|Image compliments of MorgueFile|
I was making a sandwich for my kids the other day (an occurrence that doesn’t happen often) when it hit me…writing is like sandwich building. I’m not sure how I missed it before.
You see, first you take out the bread. That’s the framework of your story. It’s the bones you’ll be building on. This is the place where you decide what type of story you’re about to write—romantic comedy, thriller, historical; novella or novel—who your characters are and where this story is taking place. Honestly, this is where I can find ways to procrastinate the most. I love visualizing my characters and naming them. I can get lost thinking of the perfect setting or finding pictures of look-alikes online and pinning them. But while Pinterest boards are really cute, they’ll never be enough to satiate a reader. You have to add meat.
Meat. The thick part that sustains your audience. What’s the plot? In that romantic comedy, what’s going to keep the two leads apart? In the thriller, who’s your big bad and why? In the historical, are we dealing with a great moment of the past or are you creating a new one in an amazing old city? The meat is where you dig in and brainstorm your story. You discover the theme and overarching story question. You know what motivates your characters, what conflicts will arise, and how they will be resolved. Then you put it down on paper. This is where the rough draft happens. The story begins to take shape, and you get the important stuff down, but it’s not very exciting. No one wants just a meat sandwich.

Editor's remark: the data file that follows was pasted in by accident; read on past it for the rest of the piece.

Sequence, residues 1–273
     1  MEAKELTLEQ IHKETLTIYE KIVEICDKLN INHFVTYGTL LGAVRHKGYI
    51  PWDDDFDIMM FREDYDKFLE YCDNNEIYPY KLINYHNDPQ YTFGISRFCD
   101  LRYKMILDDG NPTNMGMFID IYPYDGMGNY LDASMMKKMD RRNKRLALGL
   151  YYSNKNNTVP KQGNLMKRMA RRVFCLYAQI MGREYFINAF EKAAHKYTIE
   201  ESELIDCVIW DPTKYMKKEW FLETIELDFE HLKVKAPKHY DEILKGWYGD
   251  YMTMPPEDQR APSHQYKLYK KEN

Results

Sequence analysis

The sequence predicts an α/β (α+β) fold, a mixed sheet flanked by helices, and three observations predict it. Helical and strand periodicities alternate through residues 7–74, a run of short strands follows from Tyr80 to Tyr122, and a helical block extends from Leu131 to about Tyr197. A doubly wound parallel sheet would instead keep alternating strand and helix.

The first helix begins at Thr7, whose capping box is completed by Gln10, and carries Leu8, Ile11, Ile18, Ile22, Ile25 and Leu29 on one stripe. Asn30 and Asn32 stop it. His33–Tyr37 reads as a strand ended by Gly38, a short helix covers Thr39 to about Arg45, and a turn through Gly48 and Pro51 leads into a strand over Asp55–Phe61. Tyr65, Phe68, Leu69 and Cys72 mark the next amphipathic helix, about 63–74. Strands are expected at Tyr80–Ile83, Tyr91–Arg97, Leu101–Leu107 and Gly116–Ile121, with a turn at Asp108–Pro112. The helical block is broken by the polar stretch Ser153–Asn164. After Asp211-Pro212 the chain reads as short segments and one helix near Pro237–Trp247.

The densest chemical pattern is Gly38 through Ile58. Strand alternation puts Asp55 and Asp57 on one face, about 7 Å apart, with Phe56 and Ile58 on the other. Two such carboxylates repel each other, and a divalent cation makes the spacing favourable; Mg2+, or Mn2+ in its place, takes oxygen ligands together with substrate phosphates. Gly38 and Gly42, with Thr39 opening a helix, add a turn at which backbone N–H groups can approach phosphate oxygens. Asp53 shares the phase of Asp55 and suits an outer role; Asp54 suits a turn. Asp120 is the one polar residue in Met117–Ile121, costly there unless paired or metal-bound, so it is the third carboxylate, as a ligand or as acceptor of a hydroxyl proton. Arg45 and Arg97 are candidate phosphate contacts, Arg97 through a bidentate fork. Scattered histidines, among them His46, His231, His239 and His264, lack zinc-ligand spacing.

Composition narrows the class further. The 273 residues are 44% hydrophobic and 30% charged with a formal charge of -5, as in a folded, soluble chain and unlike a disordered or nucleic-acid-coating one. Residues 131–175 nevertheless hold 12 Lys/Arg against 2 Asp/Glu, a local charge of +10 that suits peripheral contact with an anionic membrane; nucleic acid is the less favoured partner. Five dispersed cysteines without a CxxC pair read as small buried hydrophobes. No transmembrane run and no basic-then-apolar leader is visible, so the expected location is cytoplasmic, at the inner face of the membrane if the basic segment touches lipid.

It’s time for the flavor. Like swiping on mayo or spicy mustard, perhaps adding pickles or jalapeños, this is where your story really starts to shine. You add those little traits that make your character unique. Something they always say or a habit they can’t break. You flesh out the setting, adding color and depth to each location. Deepen the five senses, making sure you hit at least three per scene. You add beats and pull tags. Drop the overused sayings and replace them with fresh words. Sometimes these last layers take the longest, but they’re where the sandwich goes from ho-hum to delicious.
So where are you at today? Are you pulling out some bread, in the meat stage, or adding the flavor? Better yet, what’s your favorite part? I’m finishing up the meat of a story and ready to head into my favorite part—the flavor. Anyone else?
Hoping your sandwich building is producing something tasty today!